This summer, when the weather has changed so often and so suddenly we have had many opportunities of watching in nature the signs of change. Many signs are local or at least vary in degree with locality.
A greater or less degree of haze or mist is the usual condition of our atmosphere and a clear day when we see distant points on the horizon which are not usually visible is a sure sign of rain unless it follows immediately after rain. When the beautiful clearness attracts the attention of the most heedless, prepare for a storm of rain.
There is a tiny red flower called the Pimpernel which creeps along the ground in corn fields and meadows and on the hill side. It is not much larger than a pin head but its abundance of bloom and brightness of colour make it very conspicuous. On the approach of rain, it closes its petals and this sign is unfailing, for which reason the flower is sometimes known as the shepherd’s weather glass.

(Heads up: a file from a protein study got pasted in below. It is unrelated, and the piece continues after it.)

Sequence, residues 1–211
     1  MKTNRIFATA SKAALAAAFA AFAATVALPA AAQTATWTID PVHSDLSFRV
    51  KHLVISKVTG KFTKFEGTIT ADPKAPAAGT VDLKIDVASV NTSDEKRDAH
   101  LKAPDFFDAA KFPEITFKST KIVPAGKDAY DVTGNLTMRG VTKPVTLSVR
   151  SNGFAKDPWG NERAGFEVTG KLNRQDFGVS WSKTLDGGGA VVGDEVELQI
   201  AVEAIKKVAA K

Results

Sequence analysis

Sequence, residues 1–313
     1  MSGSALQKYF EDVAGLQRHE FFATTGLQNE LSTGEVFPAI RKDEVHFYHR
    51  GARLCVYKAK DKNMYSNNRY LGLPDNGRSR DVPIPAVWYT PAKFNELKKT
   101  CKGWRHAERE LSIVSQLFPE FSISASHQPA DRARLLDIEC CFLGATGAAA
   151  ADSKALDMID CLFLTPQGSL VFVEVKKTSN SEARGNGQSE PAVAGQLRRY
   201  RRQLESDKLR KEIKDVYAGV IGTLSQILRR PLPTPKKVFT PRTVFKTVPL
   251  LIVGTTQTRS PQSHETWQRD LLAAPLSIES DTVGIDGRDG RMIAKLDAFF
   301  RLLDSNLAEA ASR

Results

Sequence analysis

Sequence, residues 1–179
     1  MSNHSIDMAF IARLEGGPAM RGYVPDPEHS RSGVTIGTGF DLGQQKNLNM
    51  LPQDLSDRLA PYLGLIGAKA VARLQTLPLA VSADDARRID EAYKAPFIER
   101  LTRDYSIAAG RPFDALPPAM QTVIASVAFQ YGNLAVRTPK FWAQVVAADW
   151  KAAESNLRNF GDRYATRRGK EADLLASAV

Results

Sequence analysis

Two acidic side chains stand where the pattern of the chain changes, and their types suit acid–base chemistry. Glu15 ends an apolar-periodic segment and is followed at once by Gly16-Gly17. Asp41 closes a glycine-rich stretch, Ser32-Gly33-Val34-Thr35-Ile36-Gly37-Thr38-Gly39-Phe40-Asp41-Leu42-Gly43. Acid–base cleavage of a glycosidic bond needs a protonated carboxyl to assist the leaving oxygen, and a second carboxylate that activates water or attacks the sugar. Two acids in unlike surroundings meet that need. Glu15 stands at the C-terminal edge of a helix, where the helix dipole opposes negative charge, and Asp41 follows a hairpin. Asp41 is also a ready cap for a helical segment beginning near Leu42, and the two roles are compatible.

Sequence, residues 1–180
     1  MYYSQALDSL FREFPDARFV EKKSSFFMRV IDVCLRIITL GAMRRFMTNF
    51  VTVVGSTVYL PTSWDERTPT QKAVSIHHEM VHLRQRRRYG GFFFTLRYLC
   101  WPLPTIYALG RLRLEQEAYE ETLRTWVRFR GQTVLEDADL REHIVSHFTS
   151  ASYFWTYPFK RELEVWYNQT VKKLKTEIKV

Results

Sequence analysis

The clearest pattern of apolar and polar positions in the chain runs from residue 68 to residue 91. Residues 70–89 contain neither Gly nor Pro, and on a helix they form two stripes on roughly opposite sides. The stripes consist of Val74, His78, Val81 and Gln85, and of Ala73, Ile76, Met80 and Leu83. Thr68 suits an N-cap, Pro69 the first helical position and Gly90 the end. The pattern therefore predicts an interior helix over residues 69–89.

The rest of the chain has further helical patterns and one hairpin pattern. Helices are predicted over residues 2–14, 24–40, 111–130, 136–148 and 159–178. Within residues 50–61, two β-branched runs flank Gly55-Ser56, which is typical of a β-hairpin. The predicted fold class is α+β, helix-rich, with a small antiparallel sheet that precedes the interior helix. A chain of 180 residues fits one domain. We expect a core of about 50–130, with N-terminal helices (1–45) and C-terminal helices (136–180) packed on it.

We all understand the warning when our staid sober family of ducks suddenly grows frisky in the water, making a tremendous splashing and quacking, apparently for no adequate reason. The hens , with thoughts intent on worms and gravel, pay no heed to the rain till it disagreeably wets their feathers.
Wild birds whose home is in the air are very sensitive to atmospheric conditions . When the swallows fly low you may expect rain. When sea fowl, particularly the seagull, fly far in land they are trying to escape from a storm of wind and rain which will probably soon follow them.
Country folks say that when the pigs, well fed and cleanly housed, are rustling in their stye, grunt uneasily and proceed to disarrange their clean straw bed, as if dissatisfied with its position, rain is sure to come.
Just as changes in the atmosphere affect the joints and rheumatics, similarly the joints of our furniture are affected and there are mysterious creakings in the stairs and in distant rooms caused by the contraction or swelling of wood as the case may be.